WASHINGTON — House Democrats on Friday pushed through an $80 billion bill to block the spread of a dreaded tax on middle-income people. The White House and Republicans, protesting tax increases in the bill affecting mainly investment fund managers, maintained that it would never become law.
The 216-193 vote to "patch" the alternative minimum tax for a year sends the issue to the Senate, where its prospects are at best uncertain. Not one House Republican voted for it.
What is certain is that if Congress and the White House do not reach a compromise by the end of the year, anywhere from 21 million to 25 million middle-income taxpayers will be hit by the AMT, costing them as much as $2,000 in extra taxes.
Hitting middle-income taxpayers
The AMT was created in 1969 to ensure that a very small number of wealthy people could not use tax breaks or deductions to avoid paying any taxes.
But it was never indexed for inflation, and every year the AMT draws in more middle-income taxpayers. This year some 4 million people were subject to the tax.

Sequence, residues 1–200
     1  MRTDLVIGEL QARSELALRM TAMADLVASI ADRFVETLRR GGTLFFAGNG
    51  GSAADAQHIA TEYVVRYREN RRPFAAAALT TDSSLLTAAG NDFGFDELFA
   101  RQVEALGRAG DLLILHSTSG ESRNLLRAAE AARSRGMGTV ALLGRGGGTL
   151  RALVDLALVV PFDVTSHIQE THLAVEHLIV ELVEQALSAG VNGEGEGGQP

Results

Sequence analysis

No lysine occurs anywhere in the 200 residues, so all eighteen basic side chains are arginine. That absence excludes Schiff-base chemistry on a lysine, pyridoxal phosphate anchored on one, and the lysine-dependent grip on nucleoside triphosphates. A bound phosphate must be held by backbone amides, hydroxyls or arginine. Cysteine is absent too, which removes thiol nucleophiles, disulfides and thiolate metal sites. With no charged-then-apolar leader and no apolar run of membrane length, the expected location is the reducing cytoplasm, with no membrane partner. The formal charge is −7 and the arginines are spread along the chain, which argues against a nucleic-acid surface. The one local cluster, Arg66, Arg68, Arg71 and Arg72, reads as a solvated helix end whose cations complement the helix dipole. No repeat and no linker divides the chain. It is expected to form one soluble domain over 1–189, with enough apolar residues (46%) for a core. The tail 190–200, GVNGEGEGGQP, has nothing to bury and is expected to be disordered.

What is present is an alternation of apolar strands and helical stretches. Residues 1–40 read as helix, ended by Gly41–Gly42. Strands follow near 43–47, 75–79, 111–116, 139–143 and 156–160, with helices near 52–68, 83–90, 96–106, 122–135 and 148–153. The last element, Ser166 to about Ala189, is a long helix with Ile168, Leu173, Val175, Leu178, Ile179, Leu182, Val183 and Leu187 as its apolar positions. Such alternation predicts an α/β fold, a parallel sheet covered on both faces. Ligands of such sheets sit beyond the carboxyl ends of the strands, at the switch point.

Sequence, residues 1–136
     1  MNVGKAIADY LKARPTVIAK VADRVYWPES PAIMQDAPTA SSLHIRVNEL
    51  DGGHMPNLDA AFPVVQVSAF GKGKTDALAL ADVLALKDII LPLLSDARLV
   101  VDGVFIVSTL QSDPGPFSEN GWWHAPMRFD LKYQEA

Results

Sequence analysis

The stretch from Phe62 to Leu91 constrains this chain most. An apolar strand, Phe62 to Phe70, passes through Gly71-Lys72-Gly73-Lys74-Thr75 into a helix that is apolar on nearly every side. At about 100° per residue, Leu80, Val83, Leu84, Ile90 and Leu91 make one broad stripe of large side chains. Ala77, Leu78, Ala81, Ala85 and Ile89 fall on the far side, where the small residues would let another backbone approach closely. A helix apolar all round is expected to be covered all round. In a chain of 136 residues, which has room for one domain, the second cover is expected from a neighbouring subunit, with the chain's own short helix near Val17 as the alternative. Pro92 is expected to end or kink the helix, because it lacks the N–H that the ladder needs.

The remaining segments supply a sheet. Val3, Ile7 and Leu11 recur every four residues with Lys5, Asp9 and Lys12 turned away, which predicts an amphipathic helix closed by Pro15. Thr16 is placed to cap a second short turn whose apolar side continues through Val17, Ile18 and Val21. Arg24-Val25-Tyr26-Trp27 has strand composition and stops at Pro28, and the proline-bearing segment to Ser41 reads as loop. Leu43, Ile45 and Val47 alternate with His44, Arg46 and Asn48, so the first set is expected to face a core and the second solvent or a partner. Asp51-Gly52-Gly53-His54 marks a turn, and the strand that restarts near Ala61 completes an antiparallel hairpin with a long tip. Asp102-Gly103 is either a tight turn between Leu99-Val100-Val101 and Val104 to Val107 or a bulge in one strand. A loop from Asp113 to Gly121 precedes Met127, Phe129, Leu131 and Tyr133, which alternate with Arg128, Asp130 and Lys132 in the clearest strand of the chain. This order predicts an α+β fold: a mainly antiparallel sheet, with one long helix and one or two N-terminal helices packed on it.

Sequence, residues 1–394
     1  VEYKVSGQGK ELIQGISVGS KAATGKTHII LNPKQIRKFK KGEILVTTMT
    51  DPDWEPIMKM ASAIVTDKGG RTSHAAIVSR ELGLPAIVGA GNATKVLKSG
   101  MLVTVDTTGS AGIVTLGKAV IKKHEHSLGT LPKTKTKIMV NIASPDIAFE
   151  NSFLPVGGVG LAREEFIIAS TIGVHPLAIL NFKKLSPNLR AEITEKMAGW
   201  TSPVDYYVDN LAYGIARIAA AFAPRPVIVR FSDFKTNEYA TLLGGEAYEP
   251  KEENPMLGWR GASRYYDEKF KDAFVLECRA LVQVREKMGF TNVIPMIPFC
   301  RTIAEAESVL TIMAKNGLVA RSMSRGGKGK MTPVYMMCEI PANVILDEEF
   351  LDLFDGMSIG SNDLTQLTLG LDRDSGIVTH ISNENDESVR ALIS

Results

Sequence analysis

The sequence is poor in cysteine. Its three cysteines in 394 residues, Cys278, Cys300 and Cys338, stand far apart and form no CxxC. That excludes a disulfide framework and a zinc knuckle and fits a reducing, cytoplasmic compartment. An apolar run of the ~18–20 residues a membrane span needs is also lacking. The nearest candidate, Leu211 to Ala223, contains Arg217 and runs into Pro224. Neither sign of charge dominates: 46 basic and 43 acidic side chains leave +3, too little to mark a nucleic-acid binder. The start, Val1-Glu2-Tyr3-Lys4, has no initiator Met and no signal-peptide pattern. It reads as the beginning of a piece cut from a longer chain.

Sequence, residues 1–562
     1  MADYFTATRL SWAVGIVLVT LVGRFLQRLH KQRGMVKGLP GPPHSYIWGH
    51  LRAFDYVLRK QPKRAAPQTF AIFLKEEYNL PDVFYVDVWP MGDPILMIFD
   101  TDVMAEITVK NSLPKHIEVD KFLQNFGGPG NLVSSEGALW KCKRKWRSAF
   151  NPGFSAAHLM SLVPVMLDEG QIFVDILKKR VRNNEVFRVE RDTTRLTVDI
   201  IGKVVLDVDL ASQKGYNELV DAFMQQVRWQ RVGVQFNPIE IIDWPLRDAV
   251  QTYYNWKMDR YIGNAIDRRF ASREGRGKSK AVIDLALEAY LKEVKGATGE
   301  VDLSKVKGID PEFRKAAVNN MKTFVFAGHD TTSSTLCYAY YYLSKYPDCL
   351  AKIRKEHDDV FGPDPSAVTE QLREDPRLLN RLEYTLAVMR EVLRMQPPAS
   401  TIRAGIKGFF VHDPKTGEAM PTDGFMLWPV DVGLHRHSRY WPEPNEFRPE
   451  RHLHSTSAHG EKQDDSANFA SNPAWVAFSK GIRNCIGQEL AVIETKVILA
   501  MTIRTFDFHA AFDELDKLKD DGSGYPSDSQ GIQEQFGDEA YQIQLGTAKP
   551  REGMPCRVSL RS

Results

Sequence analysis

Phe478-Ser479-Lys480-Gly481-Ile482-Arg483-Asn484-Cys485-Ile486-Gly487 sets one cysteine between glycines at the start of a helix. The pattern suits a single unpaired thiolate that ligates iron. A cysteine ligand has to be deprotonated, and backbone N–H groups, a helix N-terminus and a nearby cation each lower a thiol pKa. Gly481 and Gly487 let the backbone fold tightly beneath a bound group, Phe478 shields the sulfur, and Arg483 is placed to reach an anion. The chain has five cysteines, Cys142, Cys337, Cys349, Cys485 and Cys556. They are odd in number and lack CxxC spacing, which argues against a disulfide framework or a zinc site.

Congress has recently responded with annual fixes or patches to limit those affected by the tax while searching for a way to eliminate it. House Ways and Means Committee Chairman Charles Rangel, D-N.Y., last month outlined a plan to repeal the AMT, at a cost of $831 billion over 10 years, but acknowledged that action on his proposal is a long way off.
Friday's bill would extend AMT relief for one year, at a cost of about $51 billion. It includes another $30 billion in largely popular tax relief measures, including expanding the child tax credit, providing a property tax deduction to some 30 million families and extending a tax exemption for the combat pay of military personnel.
It extends several dozen targeted tax breaks due to expire at the end of the year, including a deduction for college tuition, a deduction for teachers' out-of-pocket expenses and deductions for residents of states that do not have income taxes. Others benefit winemakers, employers of Katrina victims, contributors to charities and state lawmakers.
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